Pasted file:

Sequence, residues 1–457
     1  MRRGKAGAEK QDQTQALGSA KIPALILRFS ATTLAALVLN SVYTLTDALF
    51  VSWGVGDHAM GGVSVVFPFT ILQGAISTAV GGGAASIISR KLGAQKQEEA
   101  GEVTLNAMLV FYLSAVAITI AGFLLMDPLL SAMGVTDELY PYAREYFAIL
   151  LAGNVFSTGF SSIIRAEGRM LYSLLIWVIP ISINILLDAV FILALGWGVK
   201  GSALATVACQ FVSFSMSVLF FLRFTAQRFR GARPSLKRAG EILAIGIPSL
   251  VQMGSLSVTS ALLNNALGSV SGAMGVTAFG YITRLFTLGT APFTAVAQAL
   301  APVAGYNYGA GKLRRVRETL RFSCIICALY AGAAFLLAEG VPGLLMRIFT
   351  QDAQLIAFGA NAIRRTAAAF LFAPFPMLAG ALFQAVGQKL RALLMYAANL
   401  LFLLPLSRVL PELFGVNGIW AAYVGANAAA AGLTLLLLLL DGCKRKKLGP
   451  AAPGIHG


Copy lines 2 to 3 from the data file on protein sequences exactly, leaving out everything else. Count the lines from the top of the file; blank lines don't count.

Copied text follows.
     1  MRRGKAGAEK QDQTQALGSA KIPALILRFS ATTLAALVLN SVYTLTDALF
    51  VSWGVGDHAM GGVSVVFPFT ILQGAISTAV GGGAASIISR KLGAQKQEEA